Do carpooling parents know how to use child booster seats? According to a study from the Universities of Michigan and Colorado, even if they do, they’re certainly not consistent about it.
Booster seats fall into the category for kids who are too big for child seats, but still slip under a seatbelt. Depending on size and Pee Wee sports league placement, kids who need a booster seat are usually 4 to 8 years old. The parents of these children almost always use a safety seat when they’re driving in their own car, to the rate of 76 percent of parents surveyed—but when it came to riding with others, these booster seat habits fell by the wayside.
Some parents asked others in their carpool to place their kids in seats, but the figure fell to just 64 percent of parents. And if they were driving, just 55 percent made their child used a booster seat, even when other children weren’t in them.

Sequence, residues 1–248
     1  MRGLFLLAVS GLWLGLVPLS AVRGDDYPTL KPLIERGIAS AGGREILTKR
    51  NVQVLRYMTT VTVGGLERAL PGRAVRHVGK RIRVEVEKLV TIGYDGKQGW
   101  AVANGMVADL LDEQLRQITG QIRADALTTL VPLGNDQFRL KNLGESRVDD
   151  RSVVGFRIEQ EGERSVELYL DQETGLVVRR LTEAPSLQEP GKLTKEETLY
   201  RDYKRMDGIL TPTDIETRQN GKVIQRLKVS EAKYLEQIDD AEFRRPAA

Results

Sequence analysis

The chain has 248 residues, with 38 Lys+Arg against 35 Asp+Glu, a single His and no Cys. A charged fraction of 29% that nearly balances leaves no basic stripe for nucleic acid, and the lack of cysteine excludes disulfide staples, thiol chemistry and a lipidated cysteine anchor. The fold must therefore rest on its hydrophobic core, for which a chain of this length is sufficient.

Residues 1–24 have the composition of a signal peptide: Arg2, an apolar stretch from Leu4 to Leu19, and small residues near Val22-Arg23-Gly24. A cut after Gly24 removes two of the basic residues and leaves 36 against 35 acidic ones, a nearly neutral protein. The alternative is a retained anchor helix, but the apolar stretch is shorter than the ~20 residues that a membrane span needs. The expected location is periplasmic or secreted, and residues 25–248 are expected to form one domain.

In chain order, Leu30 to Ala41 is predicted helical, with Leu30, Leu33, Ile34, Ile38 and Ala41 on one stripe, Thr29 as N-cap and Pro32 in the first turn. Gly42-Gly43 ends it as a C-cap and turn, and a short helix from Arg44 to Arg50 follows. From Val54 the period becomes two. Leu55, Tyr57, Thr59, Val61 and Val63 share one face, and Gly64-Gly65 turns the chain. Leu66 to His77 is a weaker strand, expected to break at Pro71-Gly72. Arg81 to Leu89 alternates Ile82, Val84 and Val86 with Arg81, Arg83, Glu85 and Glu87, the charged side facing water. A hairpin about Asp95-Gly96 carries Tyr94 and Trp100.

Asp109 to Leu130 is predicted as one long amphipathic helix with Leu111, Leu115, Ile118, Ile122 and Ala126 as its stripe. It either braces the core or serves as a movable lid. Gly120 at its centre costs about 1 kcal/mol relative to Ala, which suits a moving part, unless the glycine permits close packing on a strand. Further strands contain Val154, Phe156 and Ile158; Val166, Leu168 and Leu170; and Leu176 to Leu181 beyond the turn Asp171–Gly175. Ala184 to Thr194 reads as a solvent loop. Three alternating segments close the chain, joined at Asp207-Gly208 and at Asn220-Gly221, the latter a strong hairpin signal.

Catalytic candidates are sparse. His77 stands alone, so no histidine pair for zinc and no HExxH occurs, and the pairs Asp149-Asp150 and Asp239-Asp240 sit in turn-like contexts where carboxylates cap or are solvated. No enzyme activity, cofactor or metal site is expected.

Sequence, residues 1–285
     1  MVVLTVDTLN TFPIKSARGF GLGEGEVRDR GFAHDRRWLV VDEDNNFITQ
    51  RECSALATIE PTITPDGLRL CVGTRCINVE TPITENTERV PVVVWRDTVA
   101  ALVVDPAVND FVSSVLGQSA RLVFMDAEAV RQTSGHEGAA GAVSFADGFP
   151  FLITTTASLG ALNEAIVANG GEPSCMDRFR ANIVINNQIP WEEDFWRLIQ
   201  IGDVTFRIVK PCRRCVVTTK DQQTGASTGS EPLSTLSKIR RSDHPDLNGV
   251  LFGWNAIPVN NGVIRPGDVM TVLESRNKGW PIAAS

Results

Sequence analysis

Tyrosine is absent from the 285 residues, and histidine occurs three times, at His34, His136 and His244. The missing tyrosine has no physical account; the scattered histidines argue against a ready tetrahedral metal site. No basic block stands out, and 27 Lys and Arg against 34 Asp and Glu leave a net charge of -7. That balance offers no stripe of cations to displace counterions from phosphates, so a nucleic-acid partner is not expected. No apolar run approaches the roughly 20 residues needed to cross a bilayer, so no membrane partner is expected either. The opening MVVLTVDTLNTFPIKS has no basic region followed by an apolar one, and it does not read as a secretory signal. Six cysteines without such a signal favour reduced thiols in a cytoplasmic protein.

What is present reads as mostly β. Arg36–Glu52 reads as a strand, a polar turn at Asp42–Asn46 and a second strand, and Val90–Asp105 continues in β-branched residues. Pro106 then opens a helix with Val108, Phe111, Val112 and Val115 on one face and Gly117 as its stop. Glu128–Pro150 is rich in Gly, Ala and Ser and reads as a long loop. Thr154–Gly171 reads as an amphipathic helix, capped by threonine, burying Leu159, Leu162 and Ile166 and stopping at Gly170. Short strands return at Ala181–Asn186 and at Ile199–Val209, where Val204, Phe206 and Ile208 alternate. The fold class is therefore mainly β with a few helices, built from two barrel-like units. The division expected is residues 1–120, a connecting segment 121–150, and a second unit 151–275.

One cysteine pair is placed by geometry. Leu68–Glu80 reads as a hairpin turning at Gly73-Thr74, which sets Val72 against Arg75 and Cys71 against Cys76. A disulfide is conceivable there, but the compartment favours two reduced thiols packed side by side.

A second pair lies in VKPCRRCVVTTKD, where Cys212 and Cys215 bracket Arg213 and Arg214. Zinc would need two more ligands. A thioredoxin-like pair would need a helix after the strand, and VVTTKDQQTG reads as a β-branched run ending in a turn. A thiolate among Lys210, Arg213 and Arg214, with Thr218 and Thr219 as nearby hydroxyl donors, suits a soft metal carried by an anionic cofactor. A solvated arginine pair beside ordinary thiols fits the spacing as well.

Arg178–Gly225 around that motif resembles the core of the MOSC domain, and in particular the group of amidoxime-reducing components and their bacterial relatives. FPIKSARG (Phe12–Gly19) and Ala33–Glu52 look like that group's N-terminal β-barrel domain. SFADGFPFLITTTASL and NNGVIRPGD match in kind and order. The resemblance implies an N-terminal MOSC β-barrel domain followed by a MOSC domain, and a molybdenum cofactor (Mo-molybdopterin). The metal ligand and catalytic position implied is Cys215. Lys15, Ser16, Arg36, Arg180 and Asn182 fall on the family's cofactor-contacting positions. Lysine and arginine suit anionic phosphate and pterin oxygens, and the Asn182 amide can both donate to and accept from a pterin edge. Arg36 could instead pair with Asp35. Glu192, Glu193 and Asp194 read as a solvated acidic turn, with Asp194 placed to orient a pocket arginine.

Perhaps most distressing is the fact that just 29 percent of these parents knew what age their states’ booster seat laws required for children. 47 states have booster seat laws, and the American Academy of Pediatrics recommends that children stay in booster seats until they are 4-feet 9-inches.
So are parents simply misinformed? Probably not, but their own child-coddling habits tend to lapse when they mingle with other parents, and a different set of beliefs. And one way of ensuring that children remain safe inside cars all the time, conclude the study’s authors, is for pediatricians to discuss with parents how to use booster seats and why it’s important to do so, even in other people’s cars.
Source: Los Angeles Times